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Beavers rally for 11-7 win; Gunderson, Rowe star as OSU forces deciding game for NCAA baseball title

OMAHA, Neb. - Oregon State is getting used to this "backs to wall" stuff, and it's not all that bad.

Trailing 5-0 in the fourth inning before a crowd of 25,046 at Rosenblatt Stadium, the fourth-ranked Beavers rallied to beat fifth-ranked North Carolina 11-7 Sunday night in the College World Series.

The victory knotted the best-of-three championship series at 1-1. Monday's 4 p.m. PT showdown is for the national championship.

Oregon State's Jonah Nickerson (13-4, 2.35 ERA) - working on three days rest - is expected to face North Carolina's Daniel Bard (9-3, 3.84) in what will be the most important game in the 97-year history of Oregon State baseball. Who is to say the Beavers, down and almost out early Sunday, won't get it done?

"We're playing for a national championship," said OSU shortstop Darwin Barney, who had three hits and a walk Sunday. "What's better than one game for one champion?"

Five times over the past seven days, Oregon State (49-16) has faced elimination with a loss. Five times, the Beavers have fought it off, won and stayed alive in a bid for the school's second NCAA title in any sport.

"We said (Saturday) we would come out today and play with pride and play hard," Oregon State coach Pat Casey said. "Those are the two things I can always guarantee you an Oregon State team will do.

"There were times early in the game where we could have played better, but you saw a bunch of young men with heart and guts and determination take the field at Rosenblatt. It was a heck of a ballgame for us."

After losing to North Carolina 4-3 Saturday, Oregon State's margin for error was gone. And after the Tar Heels (54-14) jumped to an early 5-0 lead Sunday, doomsayers were ready to write them off.

Then came the fourth. Oregon State sent 10 men to the plate in the inning. When the smoke had cleared, the Beavers led 7-5. They totaled four hits, two walks and a hit by pitch in the frame.

"We opened the door for them with a hit batter and a walk, and they took advantage of it," North Carolina coach Mike Fox said.

There were plenty of heroes wearing Beaver white, but none more important than first baseman Bill Rowe and reliever Kevin Gunderson.

Rowe's three-run homer in the fourth put the Beavers ahead for good, and he added a fourth RBI on a single in the sixth.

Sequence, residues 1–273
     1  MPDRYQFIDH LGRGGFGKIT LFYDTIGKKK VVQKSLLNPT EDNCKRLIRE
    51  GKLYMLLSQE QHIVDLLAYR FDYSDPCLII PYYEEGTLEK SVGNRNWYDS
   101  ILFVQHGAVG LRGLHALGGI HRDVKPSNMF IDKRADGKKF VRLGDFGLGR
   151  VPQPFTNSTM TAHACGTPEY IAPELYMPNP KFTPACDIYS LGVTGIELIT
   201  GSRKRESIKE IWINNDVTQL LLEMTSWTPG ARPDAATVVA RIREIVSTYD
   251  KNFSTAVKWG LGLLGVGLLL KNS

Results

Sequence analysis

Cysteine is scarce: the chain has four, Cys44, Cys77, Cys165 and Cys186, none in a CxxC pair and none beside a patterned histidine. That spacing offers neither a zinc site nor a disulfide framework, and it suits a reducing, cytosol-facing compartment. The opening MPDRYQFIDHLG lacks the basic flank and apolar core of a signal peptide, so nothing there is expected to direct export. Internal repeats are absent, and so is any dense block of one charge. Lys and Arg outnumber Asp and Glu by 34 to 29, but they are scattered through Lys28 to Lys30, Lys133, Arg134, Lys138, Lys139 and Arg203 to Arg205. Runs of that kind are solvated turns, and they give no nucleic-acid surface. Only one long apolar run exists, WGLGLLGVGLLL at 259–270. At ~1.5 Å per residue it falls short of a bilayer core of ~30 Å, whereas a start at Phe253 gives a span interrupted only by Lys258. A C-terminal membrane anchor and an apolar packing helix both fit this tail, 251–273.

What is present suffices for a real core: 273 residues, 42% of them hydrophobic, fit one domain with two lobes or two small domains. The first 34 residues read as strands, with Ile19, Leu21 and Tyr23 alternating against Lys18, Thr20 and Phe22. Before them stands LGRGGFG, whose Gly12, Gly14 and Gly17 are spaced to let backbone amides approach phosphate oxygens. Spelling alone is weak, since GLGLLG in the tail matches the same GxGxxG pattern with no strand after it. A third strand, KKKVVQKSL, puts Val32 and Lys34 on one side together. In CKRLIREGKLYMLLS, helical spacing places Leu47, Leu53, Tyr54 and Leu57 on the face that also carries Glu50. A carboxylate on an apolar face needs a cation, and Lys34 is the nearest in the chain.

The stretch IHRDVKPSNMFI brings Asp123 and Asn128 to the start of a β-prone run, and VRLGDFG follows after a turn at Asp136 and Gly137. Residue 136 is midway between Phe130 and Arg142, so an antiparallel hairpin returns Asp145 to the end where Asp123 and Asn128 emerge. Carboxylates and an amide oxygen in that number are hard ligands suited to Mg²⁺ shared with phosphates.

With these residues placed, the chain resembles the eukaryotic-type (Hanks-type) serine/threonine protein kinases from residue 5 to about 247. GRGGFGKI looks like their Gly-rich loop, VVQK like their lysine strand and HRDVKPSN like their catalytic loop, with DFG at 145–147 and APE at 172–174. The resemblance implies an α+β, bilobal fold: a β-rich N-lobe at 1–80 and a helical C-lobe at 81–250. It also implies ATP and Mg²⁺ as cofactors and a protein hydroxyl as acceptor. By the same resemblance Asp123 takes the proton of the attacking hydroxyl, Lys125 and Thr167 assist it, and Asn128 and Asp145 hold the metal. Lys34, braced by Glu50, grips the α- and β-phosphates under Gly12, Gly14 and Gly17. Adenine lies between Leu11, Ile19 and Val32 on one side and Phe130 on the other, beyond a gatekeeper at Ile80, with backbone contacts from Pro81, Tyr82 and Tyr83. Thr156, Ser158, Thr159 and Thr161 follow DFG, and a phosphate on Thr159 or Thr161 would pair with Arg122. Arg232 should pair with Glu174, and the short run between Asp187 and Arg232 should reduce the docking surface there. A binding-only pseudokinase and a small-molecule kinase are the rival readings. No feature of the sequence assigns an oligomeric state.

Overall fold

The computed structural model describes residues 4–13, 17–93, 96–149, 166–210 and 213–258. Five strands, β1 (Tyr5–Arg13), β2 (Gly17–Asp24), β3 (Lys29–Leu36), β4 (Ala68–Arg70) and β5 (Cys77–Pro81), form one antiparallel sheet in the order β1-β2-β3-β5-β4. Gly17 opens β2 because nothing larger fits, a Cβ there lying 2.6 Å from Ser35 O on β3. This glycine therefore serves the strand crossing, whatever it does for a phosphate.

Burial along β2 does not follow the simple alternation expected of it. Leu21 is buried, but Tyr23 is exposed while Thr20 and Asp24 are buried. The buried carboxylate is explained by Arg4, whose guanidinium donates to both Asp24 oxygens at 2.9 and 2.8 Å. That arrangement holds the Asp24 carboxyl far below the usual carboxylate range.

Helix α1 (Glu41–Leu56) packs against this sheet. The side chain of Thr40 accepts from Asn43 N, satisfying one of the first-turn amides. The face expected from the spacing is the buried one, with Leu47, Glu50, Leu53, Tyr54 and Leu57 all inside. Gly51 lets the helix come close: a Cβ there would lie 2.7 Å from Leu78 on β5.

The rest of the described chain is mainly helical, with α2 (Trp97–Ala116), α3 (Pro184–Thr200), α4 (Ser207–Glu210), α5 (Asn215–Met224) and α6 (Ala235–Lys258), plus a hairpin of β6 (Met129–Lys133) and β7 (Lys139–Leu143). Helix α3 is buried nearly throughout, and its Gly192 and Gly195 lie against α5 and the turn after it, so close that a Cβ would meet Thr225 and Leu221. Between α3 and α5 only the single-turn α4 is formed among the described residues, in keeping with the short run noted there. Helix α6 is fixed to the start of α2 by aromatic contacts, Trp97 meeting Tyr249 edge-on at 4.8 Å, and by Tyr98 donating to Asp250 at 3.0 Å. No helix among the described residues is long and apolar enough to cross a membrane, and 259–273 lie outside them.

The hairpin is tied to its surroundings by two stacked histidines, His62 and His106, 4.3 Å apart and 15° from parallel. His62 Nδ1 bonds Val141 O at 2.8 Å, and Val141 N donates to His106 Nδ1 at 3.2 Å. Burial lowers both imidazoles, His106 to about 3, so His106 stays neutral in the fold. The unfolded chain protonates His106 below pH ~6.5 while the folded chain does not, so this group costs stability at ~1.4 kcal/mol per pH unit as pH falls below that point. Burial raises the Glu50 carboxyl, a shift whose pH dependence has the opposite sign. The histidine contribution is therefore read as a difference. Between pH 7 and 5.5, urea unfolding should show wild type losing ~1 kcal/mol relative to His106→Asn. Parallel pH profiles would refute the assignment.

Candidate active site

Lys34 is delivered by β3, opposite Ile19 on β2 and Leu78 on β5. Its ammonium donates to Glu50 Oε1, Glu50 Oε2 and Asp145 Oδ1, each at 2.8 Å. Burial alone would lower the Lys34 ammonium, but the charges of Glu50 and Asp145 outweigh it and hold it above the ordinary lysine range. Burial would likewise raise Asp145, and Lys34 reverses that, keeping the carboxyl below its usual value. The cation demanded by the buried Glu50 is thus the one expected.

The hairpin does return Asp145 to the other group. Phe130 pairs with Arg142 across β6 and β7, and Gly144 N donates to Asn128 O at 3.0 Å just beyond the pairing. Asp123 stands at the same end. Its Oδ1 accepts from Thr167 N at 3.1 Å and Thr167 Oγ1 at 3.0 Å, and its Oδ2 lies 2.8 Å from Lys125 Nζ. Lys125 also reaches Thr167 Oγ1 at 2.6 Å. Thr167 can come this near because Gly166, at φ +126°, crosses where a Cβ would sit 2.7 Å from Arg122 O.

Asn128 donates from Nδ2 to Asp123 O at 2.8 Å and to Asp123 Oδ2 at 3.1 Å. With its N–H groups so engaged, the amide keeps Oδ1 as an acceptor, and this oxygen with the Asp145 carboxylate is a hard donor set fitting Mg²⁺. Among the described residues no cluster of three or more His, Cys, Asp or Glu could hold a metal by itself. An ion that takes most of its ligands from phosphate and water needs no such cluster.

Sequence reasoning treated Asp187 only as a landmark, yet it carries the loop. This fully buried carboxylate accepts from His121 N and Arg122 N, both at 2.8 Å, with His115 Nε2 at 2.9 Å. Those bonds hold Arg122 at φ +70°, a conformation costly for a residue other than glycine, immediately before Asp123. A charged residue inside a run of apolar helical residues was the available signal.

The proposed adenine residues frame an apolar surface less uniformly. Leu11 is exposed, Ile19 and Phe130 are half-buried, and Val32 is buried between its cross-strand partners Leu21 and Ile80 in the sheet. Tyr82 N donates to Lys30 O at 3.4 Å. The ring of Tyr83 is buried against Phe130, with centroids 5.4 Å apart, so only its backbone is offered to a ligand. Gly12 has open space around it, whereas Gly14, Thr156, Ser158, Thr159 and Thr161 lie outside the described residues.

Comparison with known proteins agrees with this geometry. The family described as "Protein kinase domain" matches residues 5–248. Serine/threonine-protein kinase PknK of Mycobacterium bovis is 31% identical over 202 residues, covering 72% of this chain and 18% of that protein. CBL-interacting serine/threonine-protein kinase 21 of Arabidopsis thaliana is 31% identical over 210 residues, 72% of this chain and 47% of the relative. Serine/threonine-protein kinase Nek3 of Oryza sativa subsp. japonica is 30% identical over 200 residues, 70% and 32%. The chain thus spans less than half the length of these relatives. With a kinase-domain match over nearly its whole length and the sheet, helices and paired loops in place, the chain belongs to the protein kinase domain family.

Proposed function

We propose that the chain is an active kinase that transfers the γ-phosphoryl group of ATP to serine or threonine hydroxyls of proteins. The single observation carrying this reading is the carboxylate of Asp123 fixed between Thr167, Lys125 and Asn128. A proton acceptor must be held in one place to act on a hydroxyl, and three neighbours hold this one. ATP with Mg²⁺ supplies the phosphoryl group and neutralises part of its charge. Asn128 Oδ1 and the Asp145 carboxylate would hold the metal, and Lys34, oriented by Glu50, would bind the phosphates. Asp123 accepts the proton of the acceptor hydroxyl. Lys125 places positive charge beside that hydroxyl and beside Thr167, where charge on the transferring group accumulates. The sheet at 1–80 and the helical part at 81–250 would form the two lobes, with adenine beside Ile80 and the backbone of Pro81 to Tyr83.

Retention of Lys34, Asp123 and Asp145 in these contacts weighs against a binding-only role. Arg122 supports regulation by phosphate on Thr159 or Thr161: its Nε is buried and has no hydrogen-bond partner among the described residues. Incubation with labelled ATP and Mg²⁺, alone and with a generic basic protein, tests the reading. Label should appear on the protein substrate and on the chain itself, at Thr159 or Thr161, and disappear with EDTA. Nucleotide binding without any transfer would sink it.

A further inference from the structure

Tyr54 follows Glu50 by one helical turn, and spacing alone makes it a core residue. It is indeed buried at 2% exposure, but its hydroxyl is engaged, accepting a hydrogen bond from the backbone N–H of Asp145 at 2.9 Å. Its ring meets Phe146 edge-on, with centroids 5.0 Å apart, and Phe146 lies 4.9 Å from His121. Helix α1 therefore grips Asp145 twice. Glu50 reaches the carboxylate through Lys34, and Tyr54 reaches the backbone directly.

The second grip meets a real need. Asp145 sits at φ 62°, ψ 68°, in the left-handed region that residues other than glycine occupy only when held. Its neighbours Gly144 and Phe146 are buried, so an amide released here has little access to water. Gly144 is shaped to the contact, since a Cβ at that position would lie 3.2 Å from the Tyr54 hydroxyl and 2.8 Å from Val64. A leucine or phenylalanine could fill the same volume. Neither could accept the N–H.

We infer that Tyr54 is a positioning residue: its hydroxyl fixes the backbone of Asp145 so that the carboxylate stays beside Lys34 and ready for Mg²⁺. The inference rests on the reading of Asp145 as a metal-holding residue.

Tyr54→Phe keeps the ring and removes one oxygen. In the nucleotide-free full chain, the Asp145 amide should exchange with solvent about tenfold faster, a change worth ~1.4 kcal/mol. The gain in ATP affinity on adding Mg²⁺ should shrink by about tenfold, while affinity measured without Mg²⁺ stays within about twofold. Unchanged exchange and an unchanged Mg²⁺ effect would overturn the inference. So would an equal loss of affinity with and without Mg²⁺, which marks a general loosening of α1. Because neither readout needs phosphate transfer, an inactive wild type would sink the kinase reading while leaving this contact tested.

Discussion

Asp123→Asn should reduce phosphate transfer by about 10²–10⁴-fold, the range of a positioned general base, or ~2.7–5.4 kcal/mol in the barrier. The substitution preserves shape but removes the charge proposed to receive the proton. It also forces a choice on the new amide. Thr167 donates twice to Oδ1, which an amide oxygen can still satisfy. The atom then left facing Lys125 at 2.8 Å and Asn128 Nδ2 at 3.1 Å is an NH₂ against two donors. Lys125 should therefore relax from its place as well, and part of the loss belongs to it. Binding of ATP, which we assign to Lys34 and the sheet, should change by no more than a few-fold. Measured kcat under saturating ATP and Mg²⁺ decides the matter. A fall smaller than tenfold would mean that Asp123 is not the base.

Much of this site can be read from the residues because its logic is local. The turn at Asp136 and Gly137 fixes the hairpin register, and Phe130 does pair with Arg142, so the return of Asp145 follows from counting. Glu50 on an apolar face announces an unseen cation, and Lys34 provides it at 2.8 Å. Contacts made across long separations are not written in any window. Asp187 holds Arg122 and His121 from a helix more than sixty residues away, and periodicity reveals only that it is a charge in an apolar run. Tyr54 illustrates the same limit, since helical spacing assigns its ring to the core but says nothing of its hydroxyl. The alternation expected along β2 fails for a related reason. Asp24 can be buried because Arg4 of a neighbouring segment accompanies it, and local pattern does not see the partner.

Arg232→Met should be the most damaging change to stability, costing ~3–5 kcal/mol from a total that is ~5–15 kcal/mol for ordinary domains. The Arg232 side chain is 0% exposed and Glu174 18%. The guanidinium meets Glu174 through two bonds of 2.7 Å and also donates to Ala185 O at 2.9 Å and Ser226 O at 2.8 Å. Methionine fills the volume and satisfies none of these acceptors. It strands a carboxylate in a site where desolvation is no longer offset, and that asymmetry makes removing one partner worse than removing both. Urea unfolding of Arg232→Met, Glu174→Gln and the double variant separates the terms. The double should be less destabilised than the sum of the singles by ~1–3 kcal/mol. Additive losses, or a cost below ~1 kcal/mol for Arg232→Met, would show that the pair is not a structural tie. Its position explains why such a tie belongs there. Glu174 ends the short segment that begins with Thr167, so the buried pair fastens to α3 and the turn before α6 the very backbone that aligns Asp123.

Gunderson, one of the nation's top closers, came on with North Carolina ahead in the fourth. The little left-hander, normally called upon for one or two innings a night, closed with 5 1/3 innings of stellar relief. The Central Catholic grad allowed three hits and two runs, throwing 78 pitches while gaining the victory in his longest stint since pitching 6 1/3 innings of relief in the Beavers' season opener against Arizona State last year.

Using Gunderson so early in the game "wasn't a surprise to us at all," Fox said. "Once you face elimination, you have to get your best guy out there. He's a competitor, he pounds the strike zone, he's doubly tough on left-handed hitters. He gave them exactly what they needed."

Gunderson said when he entered the game in the fifth, he expected to go the distance.

"I knew it was my game to win or lose," he said. "They were going to leave me out there ... it worked out the best for us."

Oregon State scored four runs in the sixth to jump ahead 11-5, but Casey said he gave no thought to removing Gunderson and saving him for Monday.

"The only thought we had was we needed to win this game or we're going home a day earlier than we want to," the 12th-year OSU mentor said. "We're kind of in a tough situation. It didn't matter how many (more) pitches he threw at that point as far as (wear and tear on) his arm. We were going to stay with what we had. We weren't going to change unless we were forced to."

The Beavers ripped four representatives of North Carolina's heralded pitching staff for 14 hits to go with five walks and a hit by pitch.

North Carolina got one run in the second inning, three in the third and one in the fourth, with all five runs scoring on two-out hits. By that time, with the Tar Heels ahead 5-0, Casey had gone to Gunderson to try to stem the tide.

"It was frustrating at that point," Barney said. "Wasn't the way we planned on starting today. We planned on coming out with a vengeance and trying to get ahead early. It took a couple of hits to give us a spark. One spark can change the whole attitude of the team."

Casey thought the spark was Tyler Graham's steal of third base in the fourth inning with Carolina still ahead 5-0.

"It was a message for our club, that we're not surrendering, that we're going to play," Casey said. "It got us going a little bit, and things started to snowball and we played fairly well from there on out."

The Tar Heels, meanwhile, were within smelling distance of a title.

"We kind of put it on cruise control," said Carolina catcher Tim Federowicz, who went 4 for 4 with a double and a two-run homer. "After that, they just came back."